A new study addresses premenstrual dysphoric disorder (PMDD), a severe mood disorder which affects five to seven percent of all women of reproductive age in the United States.
Unfortunately, the disorder is often misdiagnosed as major depression or other mood disorders.
In the study, PMDD is determined to be a biologically different form of premenstrual syndrome. Women with PMDD who have experienced depression may make up a subset.
The findings are important because they give physicians more reason to search for a more specific diagnosis and could possibly lead to more precise treatments. There currently are few good choices, said Susan Girdler, Ph.D., professor of psychiatry at the University of North Carolina at Chapel Hill School of Medicine. Girdler led the study.
“PMDD is not garden-variety premenstrual symptoms. PMDD causes severe impairment in quality of life, equivalent to post-traumatic stress disorder, major depressive disorder and panic disorder, that continually cycles on a monthly basis. Some women spend half their lives suffering from this disorder,” said Girdler.
In a study published in the journal Biological Psychology, Girdler and her colleagues measured biological responses to stress and pain.
Previous studies demonstrated that women with chronic major depression have a heightened biological response to stress and release more stress hormones, such as cortisol.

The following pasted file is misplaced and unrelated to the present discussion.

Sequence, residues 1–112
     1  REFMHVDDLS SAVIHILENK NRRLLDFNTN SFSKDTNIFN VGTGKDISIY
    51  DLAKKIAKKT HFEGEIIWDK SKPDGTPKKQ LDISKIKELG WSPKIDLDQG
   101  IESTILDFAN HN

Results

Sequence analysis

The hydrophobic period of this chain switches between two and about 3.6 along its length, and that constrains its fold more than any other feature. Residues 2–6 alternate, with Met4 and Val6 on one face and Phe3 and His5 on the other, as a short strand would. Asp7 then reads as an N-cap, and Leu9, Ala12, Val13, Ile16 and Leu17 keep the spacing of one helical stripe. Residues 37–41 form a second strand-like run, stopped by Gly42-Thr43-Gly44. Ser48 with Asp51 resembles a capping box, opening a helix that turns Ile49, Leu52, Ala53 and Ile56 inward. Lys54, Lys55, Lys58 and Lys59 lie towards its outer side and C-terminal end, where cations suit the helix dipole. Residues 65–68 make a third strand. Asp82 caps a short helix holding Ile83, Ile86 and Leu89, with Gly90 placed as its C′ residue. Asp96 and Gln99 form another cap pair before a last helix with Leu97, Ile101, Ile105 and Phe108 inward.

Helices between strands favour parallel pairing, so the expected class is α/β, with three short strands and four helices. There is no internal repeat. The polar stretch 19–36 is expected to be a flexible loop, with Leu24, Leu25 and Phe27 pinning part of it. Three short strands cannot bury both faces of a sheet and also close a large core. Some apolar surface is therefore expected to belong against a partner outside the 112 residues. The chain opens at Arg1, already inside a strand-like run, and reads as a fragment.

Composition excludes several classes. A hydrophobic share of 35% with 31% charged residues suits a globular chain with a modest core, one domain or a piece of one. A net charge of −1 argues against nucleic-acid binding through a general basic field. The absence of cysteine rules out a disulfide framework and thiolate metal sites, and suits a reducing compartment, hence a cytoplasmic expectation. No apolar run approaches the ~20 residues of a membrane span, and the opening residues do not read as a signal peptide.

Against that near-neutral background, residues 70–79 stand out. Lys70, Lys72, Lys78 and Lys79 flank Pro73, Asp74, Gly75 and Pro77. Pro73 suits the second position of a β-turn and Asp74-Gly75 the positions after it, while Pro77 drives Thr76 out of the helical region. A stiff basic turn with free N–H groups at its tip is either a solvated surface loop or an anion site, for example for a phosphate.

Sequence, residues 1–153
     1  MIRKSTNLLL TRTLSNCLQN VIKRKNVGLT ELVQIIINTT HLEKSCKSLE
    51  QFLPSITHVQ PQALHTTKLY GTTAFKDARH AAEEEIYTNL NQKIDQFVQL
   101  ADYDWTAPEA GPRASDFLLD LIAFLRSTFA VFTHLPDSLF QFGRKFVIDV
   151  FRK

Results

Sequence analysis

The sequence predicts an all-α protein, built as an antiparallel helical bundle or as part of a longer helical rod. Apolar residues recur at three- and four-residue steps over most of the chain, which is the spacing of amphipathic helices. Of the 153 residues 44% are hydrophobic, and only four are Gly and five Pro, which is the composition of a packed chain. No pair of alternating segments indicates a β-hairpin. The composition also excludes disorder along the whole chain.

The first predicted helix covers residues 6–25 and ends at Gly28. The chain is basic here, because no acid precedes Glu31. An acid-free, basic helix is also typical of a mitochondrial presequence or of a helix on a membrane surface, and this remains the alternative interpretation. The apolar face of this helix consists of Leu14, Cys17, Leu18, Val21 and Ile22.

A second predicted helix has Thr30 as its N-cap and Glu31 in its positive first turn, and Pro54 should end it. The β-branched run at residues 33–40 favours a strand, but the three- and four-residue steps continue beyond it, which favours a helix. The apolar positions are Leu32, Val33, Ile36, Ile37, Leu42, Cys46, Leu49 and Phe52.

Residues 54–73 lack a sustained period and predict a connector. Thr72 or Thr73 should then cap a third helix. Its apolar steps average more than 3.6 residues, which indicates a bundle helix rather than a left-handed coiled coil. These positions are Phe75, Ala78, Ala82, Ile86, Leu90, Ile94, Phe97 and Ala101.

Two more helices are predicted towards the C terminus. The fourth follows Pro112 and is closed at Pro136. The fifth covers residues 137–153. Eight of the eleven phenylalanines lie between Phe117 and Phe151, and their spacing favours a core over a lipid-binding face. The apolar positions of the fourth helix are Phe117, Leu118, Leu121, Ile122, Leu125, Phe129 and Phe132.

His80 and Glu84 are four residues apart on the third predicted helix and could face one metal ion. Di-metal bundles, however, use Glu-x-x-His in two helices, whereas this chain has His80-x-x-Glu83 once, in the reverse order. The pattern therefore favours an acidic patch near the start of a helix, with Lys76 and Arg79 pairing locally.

Girdler and her group previously have shown that women with PMDD respond conversely, with blunted stress responses.
The current study is the first known head-to-head comparison of the two groups and confirmed earlier findings.
“We found the greatest weight of evidence that PMDD and major depression are really two distinct entities in terms of biological response to stress and with respect to pain sensitivity and pain mechanisms,” Girdler said.
But more important, Girdler said, was the finding that women with PMDD who also had experienced depression in the past looked different from PMDD women who had never been depressed. Only the PMDD women with prior depression had lower cortisol and greater sensitivity to pain compared to non-PMDD women with prior depression. These differences between PMDD and non-PMDD women were not seen in women who had no depression history.
“So while the study shows that PMDD is biologically different from major depression, a history of depression may have special relevance for women with PMDD with respect to stress hormones and pain response,” Girdler said.
Current treatments for PMDD are effective in only about half of women. But, Girdler says, gathering more biological clues about PMDD could expand the treatment options.
Source: University of North Carolina